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Their water is undrinkable. So these West Texas residents have taken matters into their own hands.

By Pooja Salhotra

During a community meeting in July, residents of four unincorporated communities south of the Texas Panhandle held mason jars filled with brown, cloudy water — visual evidence of the water quality issues that have for decades plagued the more than 300 residents of these rural West Texas communities.


America Is Using Up Its Groundwater Like There’s No Tomorrow

By Mira Rojanasakul, Christopher Flavelle and Others

Global warming has focused concern on land and sky as soaring temperatures intensify hurricanes, droughts and wildfires. But another climate crisis is unfolding, underfoot and out of view. Many of the aquifers that supply 90 percent of the nation’s water systems, and which have transformed vast stretches of America into some of the world’s most bountiful farmland, are being severely depleted. These declines are threatening irreversible harm to the American economy and society as a whole.


Flesh-Eating Bacteria a Threat in Warm Water

By Christopher Walsh

As if the extreme heat, exceptionally heavy rainfall events, and out-of-control wildfires that characterize the summer of 2023 were not adequate signals that the climate is changing, in recent weeks a deadly bacterium found in warm seawater and in raw seafood has killed at least three people in New York and Connecticut, including a Brookhaven Town resident, and sickened at least one resident of East Hampton Town.


Why was there no water to fight the fire in Maui? | Naomi Klein and Kapuaʻala Sproat

By Naomi Klein and Kapua 'ala Sproat'

All over Maui, golf courses glisten emerald green, hotels manage to fill their pools and corporations stockpile water to sell to luxury estates. And yet, when it came time to fight the fires, some hoses ran dry. Why?


Here’s where water is running out in the world — and why

By Veronica Penney and John Muyskens

A growing population and rising temperatures will strain the world’s freshwater supplies over the next 30 years, jeopardizing available water for drinking, bathing and growing food, according to new research. An analysis of newly released data from the World Resources Institute (WRI) shows that by 2050 an additional billion people will be living in arid areas and regions with high water stress, where at least 40 percent of the renewable water supply is consumed each year. Two-fifths of the world’s population — 3.3 billion people in total — currently live in such areas.


How California’s weather catastrophe turned into a miracle

By Scott Dance

Californians were preparing for another year of unrelenting drought in 2023. Instead, they got months of incessant rain and some of the heaviest snowfall they have ever seen. They feared blasts of spring warmth would quickly turn snow into floods, adding to the havoc from a series of winter storms. But, until recently, temperatures remained mercifully cool, allowing for a slow and steady melt.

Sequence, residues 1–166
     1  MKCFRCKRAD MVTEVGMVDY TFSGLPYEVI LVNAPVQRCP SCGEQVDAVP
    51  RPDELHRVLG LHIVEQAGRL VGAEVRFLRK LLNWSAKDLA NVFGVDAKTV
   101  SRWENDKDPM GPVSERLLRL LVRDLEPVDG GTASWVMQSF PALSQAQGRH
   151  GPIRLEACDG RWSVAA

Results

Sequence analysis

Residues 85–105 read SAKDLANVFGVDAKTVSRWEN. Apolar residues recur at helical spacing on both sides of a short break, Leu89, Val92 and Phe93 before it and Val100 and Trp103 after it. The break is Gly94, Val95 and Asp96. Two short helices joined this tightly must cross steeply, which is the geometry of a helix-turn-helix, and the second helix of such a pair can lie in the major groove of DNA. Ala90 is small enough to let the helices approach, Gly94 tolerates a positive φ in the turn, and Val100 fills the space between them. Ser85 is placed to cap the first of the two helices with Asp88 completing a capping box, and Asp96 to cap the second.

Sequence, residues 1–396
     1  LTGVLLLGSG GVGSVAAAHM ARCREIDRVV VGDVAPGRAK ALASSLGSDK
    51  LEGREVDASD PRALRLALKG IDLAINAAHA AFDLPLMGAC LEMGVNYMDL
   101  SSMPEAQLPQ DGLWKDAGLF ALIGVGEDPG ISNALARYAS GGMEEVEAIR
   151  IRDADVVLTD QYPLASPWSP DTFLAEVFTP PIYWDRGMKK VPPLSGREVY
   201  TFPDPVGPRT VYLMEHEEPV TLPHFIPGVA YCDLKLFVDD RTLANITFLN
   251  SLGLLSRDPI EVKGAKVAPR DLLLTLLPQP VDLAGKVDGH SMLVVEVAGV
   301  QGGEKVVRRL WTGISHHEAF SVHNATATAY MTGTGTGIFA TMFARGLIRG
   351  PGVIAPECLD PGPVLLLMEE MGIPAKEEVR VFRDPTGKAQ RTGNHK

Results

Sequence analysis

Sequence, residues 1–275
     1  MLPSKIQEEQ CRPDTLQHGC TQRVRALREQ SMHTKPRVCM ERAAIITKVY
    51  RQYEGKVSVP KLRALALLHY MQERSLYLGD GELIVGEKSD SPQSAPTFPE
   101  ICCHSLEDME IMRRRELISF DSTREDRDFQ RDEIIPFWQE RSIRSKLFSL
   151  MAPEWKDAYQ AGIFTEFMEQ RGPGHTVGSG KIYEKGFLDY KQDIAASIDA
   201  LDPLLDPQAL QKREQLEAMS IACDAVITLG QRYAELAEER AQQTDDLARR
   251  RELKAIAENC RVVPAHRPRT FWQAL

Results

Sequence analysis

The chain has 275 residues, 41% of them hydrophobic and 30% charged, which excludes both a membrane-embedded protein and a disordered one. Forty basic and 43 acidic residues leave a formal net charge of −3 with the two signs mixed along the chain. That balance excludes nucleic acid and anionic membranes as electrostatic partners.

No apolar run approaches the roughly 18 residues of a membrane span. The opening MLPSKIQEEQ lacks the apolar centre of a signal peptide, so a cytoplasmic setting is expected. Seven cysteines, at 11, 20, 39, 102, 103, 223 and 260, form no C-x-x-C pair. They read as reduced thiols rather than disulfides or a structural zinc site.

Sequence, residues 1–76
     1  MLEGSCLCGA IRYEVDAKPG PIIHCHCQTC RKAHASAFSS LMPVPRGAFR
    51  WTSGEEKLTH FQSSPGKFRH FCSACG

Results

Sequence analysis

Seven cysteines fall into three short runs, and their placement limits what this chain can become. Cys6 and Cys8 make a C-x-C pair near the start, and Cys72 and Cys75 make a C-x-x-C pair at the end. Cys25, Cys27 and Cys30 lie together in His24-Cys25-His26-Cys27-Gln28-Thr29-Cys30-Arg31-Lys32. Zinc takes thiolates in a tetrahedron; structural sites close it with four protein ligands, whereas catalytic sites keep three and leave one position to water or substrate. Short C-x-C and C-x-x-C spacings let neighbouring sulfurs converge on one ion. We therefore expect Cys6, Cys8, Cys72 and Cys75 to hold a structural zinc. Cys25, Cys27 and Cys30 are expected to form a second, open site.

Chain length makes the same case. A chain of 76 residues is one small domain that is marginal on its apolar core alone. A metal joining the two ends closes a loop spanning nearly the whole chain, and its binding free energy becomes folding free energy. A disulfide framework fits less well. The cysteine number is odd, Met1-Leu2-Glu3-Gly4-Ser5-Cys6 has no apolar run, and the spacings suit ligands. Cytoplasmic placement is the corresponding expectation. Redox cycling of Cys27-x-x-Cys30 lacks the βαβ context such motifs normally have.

EPA Proposes to Streamline Requirements for States and Tribes, Strengthen Co-Regulator Partnerships to Protect Nation’s Waters

Today, the U.S. Environmental Protection Agency (EPA) announced a proposed rule that would streamline and clarify the requirements and steps necessary for states and Tribes to administer programs protecting waterways from discharges of dredged or fill material without a permit. The Clean Water Act envisions collaborative implementation between EPA and state and Tribal co-regulators to protect our nation’s waters that support public health, thriving ecosystems, business development, recreation, agriculture, and more. EPA’s proposal would address key barriers identified by states and Tribes to administering Clean Water Act section 404 while expanding opportunities for Tribes to meaningfully engage in permitting actions.


How a Saudi firm tapped a gusher of water in drought-stricken Arizona

By Isaac Stanley-Becker and Others

A megadrought has seared Arizona, stressing its rivers and reservoirs and reducing water to a trickle in the homes of farmworkers near this desert valley.


Drought and extreme heat burn through farmers’ margin for error — and it’s only July

By Annie Probert, J.J. McCorvey and Evan Bush

Record-breaking heat and pockets of drought are baking farmland across the country, threatening crop yields and squeezing out any remaining wiggle room to cope with more extreme weather this summer.


In Arizona Water Ruling, the Hopi Tribe Sees Limits on Its Future

By Umar Farooq

In September 2020, the Hopi Tribe’s four-decade effort to secure its right to water culminated in a court proceeding. The outcome would determine how much water the arid reservation would receive over the next century and whether that amount would be enough for the tribe to pursue its economic ambitions. Under rules unique to Arizona, the tribe would have to justify how it would use every drop it wanted.